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Vienna progresses blockchain strategy

Networks developed by the city of Vienna and EY aim to facilitate transparency, efficiency and security of government data across the city

Blockchains are a key element of Vienna's digitalisation initiative
Blockchains are a key element of Vienna's digitalisation initiative

Professional services firm, Ernst & Young (EY), is working with the City of Vienna on public blockchains to validate and secure the city’s Open Government Data (OGD), which includes information on public transport routes, train schedules and surrounding communities’ voting results.


The project is part of the city’s DigitalCity.Wien digitalisation initiative and the Austrian capital is using blockchain to simplify and automate administrative processes, especially for OGD. These include energy reports and valid business registrations, which must be updated frequently. In addition, the blockchain networks are helping to improve the data security of this information.


Since the solution went live in December 2017, approximately 350 datasets have been secured on the blockchain networks. Among the first to be launched in Europe, the networks secure official documents by storing hashtags of the data sets on the public blockchains, allowing city employees as well as citizens to review the documents’ authenticity, when they were created, and when and if the data was modified.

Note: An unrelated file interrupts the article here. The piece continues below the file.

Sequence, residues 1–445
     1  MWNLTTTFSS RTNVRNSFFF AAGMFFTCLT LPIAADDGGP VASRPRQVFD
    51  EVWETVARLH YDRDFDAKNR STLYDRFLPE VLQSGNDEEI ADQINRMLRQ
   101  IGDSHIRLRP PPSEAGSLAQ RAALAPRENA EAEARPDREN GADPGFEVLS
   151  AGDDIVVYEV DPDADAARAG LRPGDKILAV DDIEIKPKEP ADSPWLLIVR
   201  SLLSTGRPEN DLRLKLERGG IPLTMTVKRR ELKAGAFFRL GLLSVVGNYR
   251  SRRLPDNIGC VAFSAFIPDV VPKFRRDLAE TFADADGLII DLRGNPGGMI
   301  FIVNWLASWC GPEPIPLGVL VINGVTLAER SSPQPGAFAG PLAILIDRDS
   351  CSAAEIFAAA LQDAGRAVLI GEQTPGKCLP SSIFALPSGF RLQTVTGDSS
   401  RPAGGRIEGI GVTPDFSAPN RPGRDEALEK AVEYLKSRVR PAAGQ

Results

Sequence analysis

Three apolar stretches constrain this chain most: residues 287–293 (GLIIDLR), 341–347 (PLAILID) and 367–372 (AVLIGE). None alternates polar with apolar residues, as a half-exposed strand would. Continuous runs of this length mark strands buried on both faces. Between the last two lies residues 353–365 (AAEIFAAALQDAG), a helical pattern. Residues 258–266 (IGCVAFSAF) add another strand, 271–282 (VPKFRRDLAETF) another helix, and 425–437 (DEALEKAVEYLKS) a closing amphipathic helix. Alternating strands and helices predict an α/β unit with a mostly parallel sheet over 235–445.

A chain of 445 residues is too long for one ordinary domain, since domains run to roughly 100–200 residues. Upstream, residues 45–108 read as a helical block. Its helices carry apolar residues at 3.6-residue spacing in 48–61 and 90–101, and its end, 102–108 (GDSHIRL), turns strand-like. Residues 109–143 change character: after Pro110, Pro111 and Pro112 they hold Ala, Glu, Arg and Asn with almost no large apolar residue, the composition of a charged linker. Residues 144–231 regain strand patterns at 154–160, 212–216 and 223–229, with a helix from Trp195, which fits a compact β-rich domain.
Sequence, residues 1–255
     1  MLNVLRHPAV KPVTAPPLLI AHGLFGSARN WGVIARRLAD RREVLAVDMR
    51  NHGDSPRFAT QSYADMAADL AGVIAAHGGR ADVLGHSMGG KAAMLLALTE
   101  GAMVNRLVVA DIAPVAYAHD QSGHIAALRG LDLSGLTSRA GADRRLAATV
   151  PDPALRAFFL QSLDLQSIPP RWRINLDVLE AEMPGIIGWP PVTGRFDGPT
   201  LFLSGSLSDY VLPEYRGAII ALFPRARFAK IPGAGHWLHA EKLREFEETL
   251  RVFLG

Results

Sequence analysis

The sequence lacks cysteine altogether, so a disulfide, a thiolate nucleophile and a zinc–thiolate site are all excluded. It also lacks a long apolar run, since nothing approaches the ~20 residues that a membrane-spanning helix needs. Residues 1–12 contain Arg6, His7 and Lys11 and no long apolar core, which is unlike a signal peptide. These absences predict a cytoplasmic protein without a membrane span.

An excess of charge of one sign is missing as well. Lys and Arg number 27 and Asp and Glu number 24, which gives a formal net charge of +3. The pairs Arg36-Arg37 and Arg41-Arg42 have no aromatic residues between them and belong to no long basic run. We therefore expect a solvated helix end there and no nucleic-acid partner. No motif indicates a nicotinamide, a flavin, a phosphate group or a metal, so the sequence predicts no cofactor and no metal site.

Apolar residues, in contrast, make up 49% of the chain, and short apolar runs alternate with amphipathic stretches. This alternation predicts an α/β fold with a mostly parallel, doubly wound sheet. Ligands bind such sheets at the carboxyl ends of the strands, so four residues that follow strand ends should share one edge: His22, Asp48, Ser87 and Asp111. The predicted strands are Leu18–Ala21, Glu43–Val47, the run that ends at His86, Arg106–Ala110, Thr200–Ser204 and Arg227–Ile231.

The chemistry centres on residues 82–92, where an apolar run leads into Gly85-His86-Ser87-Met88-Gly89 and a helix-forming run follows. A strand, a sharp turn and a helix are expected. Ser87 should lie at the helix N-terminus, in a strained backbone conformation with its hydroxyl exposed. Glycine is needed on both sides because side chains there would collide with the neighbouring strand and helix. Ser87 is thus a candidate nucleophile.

“This project, realised with the support of EY, makes the city a pioneer in the implementation of blockchains in public administration and we are committed to an open and participatory city with reduced bureaucracy,” said Ulrike Huemer, CIO, city of Vienna. “With blockchain, government employees, residents or app developers can trace changes in data, so if someone changes the bus route – which is linked to mapping applications – an alert can be triggered.


“We will continue teaming with experienced professionals such as EY to pool knowledge and establish Vienna as a centre of competence for blockchain – as well as one of the most forward-looking technology cities in Europe and worldwide.”


Brigitte Lutz, project manager, City of Vienna, said that currently the city is only notarising documents from Vienna on the public blockchains, but will expand this further to all data in the Austrian Open Government Data portal. “Going forward, we anticipate that IT companies and the City of Vienna could collaborate to promote Vienna as a smart city and a hotspot for digital industries,” she said.


The platform was built over a period of four months by developers from the city of Vienna. EY supervised and helped to manage the project, and integrated the blockchain networks into the municipal Open Government platform.


“The EY Austria Advisory blockchain team is already working in several industries such as energy, banking and financial services,” said Jonas Jünger, EY project manager and blockchain lead, advisory, Ernst & Young Global, Austria.


“For this pioneering innovative project in public administration, we collaborated with the EY network of experienced blockchain professionals and will continue to further expand our work with the city of Vienna.”


EY has announced its work in blockchain for content rights and royalties management, the world’s first marine insurance blockchain platform as well as a suite of blockchain audit technologies that enhances the ability to perform an in-depth review of cryptocurrency business transactions.


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